7. There have been several recorded instances where live shark fining has occurred in recent years. In August 2012 an adult female grey nurse shark was found still alive but with its fins sliced off on a beach near Evan’s Head, NSW. A decaying finless shark has also been found within the Great Barrier Reef Marine Park. See:
1. Prior to the beginning of 2012, there was no specific ‘shark fin’ trade code for imported produce. There were two trade codes, which were listed as:
• Dogfish & other sharks (excl. fish fillets, other fish meat of HS 0304, livers & roes) fresh or chilled
• Dogfish & other sharks (excl. fish fillets, other fish meat of HS 0304, livers & roes) frozen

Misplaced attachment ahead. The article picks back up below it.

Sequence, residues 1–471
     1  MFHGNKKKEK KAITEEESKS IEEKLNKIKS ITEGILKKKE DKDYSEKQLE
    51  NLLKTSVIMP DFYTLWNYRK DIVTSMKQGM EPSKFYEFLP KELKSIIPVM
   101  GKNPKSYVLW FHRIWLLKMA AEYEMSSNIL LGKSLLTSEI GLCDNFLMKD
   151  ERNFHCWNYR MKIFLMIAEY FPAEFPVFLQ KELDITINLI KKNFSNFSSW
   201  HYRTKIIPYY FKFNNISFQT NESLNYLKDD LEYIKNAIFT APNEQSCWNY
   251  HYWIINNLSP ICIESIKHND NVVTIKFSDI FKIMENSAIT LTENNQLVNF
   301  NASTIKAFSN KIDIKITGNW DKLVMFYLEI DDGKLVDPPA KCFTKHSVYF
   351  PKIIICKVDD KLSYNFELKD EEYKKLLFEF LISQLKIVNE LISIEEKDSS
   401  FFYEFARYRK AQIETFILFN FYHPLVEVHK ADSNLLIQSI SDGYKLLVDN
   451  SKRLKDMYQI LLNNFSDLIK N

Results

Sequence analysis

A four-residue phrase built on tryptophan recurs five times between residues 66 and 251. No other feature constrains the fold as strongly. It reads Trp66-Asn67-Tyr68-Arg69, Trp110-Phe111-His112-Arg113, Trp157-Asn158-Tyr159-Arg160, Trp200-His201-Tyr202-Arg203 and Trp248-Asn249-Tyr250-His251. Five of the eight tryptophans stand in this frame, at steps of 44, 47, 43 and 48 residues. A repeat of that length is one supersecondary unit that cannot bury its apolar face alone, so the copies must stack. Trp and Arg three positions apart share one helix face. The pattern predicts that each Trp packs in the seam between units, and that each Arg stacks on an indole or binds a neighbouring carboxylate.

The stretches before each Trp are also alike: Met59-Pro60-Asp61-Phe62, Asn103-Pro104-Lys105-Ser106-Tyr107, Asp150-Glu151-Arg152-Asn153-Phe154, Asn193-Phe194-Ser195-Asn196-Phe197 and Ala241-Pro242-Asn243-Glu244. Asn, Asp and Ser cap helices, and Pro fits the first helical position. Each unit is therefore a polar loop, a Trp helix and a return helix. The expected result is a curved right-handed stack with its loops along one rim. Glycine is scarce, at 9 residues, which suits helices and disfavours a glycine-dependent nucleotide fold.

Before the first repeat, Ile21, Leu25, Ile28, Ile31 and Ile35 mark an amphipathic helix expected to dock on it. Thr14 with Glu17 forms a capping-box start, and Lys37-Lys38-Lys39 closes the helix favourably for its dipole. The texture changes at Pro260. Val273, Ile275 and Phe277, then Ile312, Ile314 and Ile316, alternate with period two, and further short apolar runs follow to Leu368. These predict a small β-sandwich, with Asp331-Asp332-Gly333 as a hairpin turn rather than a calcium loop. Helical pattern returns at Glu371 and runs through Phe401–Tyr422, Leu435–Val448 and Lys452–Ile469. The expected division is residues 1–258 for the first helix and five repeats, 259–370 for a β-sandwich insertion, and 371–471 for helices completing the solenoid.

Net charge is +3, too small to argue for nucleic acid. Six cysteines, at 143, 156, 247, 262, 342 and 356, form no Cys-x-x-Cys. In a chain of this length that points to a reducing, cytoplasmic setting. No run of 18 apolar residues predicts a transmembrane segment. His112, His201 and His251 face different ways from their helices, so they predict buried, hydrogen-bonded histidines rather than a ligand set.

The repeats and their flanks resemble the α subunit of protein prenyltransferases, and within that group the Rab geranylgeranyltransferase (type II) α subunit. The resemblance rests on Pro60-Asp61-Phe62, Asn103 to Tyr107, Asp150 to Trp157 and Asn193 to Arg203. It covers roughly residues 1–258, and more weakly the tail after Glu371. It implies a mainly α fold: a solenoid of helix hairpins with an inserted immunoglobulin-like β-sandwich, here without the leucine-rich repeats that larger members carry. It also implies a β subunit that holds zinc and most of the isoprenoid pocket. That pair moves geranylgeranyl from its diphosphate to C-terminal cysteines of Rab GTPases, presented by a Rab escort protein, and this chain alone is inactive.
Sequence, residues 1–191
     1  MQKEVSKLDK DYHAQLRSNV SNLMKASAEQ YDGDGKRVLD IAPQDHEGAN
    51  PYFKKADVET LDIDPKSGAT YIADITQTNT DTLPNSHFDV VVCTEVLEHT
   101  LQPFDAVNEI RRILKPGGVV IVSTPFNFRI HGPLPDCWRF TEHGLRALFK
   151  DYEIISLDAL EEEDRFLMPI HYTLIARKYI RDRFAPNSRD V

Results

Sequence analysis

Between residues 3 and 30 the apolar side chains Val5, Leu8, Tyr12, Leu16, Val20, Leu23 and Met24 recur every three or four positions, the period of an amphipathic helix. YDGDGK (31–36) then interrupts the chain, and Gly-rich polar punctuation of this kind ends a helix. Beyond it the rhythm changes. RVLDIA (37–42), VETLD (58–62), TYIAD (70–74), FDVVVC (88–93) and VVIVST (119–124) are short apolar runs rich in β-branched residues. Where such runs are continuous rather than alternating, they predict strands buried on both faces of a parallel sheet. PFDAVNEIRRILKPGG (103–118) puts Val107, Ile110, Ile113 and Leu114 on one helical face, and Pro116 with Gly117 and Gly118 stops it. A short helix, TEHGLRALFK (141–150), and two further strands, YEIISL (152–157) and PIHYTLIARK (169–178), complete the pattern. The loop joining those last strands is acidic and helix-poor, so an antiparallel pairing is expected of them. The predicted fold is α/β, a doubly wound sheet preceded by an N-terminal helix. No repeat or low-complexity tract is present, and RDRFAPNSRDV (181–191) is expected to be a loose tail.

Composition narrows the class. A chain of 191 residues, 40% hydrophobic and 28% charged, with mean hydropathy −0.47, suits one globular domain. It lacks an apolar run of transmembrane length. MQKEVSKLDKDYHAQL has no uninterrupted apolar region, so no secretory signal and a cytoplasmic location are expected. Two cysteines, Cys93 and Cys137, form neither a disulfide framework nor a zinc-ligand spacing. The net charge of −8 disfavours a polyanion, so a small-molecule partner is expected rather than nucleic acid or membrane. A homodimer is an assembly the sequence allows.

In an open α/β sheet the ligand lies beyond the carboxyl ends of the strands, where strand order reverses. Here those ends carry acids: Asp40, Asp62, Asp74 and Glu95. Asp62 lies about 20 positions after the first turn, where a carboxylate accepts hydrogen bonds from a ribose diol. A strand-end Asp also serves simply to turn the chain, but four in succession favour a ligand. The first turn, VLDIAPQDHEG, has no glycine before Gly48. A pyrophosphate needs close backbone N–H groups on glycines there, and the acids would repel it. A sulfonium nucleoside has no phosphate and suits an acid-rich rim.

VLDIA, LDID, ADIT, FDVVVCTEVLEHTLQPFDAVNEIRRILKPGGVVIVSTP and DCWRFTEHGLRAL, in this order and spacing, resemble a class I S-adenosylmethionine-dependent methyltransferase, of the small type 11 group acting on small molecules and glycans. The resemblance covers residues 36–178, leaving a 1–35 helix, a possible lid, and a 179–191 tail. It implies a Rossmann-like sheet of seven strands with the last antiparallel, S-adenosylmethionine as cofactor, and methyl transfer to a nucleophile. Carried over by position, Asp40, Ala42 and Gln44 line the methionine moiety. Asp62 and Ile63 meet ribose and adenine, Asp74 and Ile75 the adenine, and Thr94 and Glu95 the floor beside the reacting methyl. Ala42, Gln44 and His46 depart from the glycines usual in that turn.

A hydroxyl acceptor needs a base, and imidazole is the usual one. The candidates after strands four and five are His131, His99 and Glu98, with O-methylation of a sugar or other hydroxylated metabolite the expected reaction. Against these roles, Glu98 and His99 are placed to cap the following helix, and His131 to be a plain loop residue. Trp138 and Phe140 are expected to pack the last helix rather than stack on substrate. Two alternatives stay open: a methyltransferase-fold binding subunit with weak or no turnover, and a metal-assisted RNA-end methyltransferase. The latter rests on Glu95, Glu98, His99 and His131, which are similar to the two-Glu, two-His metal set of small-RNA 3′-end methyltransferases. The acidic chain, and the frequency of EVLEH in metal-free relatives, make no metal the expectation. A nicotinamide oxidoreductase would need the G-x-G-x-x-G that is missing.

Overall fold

All imported produce was recorded under these two codes. This is clearly inadequate for capturing data on the importation of dried shark fin. At the beginning of 2012, new trade codes for imported shark fin were introduced and AMCS intends to access the data in early 2013 to provide the first reports of imported shark fin to Australia.
2. Since 2000, Australia reported imports of shark product from a number of countries including: Fiji, Indonesia, Republic of Korea, South Africa, Argentina, Peru, the Philippines, Taiwan, Uruguay, United States of America and New Zealand. It is highly likely Australia is importing shark products, including shark fin, from countries with poorer shark fisheries management practises than our own. For example, some countries exporting shark fin to Australia, e.g. India and Indonesia, still allow the cruel and wasteful practice of live shark finning at sea.